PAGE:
In a significant shift in market dynamics, the U.S. dollar plummeted to a fresh four-month low on Thursday following indications from the Federal Reserve that its interest-rate hike cycle has concluded, and lower borrowing costs are on the horizon in 2024.
Federal Reserve Chair Jerome Powell, during Wednesday’s Federal Open Market Committee (FOMC) meeting, conveyed that the historic tightening of monetary policy is likely over, with discussions on reducing borrowing costs now in view. Powell’s statements, along with the unanimous projections of policymakers foreseeing a decrease in borrowing costs in 2024, sent a dovish signal to the market.
RBC strategist Blake Gwinn remarked, “Every vehicle of Fed communication – the statement, the dots, and Powell’s press conference – was unambiguously dovish. This shift was perhaps most obvious when Powell admitted that the committee discussed the appropriate timing of cuts at the meeting.”
The U.S. dollar index, measuring the currency against a basket of currencies, tumbled to 102.42, its lowest since mid-August. It closed down 0.3 percent at 102.57, reflecting the impact of the dovish sentiments expressed by the Fed.
Market expectations now indicate a more than 85 percent chance of a rate cut in March, according to the CME FedWatch tool, a substantial increase from the 40 percent probability a day before. Traders are pricing in a one-in-five chance of the Fed cutting rates next month.
In the wake of these developments, the Swiss National Bank (SNB) held rates steady at 1.75 percent, as anticipated, resulting in the Swiss franc maintaining its weaker position against the euro but slightly strengthening against the softer dollar.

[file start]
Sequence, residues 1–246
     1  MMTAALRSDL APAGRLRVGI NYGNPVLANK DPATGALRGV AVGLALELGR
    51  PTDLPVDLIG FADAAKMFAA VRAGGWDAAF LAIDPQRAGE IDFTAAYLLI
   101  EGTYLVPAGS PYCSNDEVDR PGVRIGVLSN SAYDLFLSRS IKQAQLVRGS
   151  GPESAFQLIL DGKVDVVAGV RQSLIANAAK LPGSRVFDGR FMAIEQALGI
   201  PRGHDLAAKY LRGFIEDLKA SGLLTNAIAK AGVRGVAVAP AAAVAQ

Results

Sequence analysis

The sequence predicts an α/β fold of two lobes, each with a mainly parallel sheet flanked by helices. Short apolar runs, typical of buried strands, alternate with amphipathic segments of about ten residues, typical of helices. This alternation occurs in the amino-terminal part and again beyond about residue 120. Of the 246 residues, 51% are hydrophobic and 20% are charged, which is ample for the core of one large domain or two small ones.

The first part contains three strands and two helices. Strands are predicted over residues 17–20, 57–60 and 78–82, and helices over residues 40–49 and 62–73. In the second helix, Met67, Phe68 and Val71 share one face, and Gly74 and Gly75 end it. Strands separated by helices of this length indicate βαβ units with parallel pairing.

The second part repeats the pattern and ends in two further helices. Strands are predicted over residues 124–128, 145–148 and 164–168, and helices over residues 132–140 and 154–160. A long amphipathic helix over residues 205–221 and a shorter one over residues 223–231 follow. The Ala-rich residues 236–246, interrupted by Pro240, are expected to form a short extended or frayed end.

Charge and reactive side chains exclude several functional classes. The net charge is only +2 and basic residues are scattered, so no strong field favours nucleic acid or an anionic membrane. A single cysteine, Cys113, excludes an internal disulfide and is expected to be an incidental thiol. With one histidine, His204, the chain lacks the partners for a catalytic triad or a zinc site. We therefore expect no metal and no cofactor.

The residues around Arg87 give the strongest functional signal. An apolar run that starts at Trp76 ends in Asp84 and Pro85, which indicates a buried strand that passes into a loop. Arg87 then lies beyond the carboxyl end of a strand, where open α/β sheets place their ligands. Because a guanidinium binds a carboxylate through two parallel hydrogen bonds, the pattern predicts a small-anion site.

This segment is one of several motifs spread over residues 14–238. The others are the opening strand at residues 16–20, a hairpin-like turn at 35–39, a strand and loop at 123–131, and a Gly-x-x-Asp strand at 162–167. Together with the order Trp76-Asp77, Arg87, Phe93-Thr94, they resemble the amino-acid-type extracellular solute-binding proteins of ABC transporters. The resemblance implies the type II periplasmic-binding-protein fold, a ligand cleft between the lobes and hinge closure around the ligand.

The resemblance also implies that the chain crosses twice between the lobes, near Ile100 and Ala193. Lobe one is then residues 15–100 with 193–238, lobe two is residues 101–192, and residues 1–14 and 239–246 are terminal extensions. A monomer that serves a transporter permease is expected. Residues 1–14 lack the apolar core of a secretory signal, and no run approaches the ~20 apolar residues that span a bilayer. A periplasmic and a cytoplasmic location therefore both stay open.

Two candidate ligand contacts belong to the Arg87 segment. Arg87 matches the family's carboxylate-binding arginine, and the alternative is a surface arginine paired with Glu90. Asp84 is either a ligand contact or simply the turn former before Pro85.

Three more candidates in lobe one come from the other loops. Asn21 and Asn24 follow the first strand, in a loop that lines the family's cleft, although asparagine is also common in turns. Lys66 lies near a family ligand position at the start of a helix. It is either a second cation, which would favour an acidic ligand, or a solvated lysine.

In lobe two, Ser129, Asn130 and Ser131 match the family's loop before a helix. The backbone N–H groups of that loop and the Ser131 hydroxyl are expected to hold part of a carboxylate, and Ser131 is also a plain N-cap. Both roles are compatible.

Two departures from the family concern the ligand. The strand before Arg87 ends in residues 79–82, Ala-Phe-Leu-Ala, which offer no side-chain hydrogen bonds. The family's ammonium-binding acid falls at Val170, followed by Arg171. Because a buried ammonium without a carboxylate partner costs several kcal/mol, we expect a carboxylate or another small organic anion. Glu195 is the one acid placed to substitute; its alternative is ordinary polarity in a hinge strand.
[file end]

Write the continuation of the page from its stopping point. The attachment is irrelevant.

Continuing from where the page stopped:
Norwegian crown experienced a rise against both the euro and the dollar following an unexpected 25 basis points rate hike by the Norges Bank to 4.5 percent. The bank hinted that this level would likely be maintained for an extended period.
Investors are now turning their attention to announcements from the Bank of England (BoE) and the European Central Bank (ECB). While both are expected to keep interest rates unchanged, the market is keenly observing any signals regarding the possible easing of policies in 2024.
The yen continued its upward trajectory against the dollar, reaching its highest level since July 31 at 140.95 yen per dollar. It closed up around 0.9 percent at 141.58 per dollar.
In the cryptocurrency market, bitcoin experienced a 0.3 percent decline, settling at $42,772. Meanwhile, traditional currencies like the Australian dollar and the New Zealand dollar exhibited strength. The Australian dollar surged to over a four-month high at $0.6728 following robust domestic net employment data. The kiwi rose over 1 percent against the greenback, reaching as high as $0.6249, despite the unexpected contraction of the New Zealand economy in the third quarter.
As market dynamics continue to shift, traders are recalibrating their positions, and global central banks are under increasing scrutiny for their guidance on future policy actions in the ever-changing economic landscape.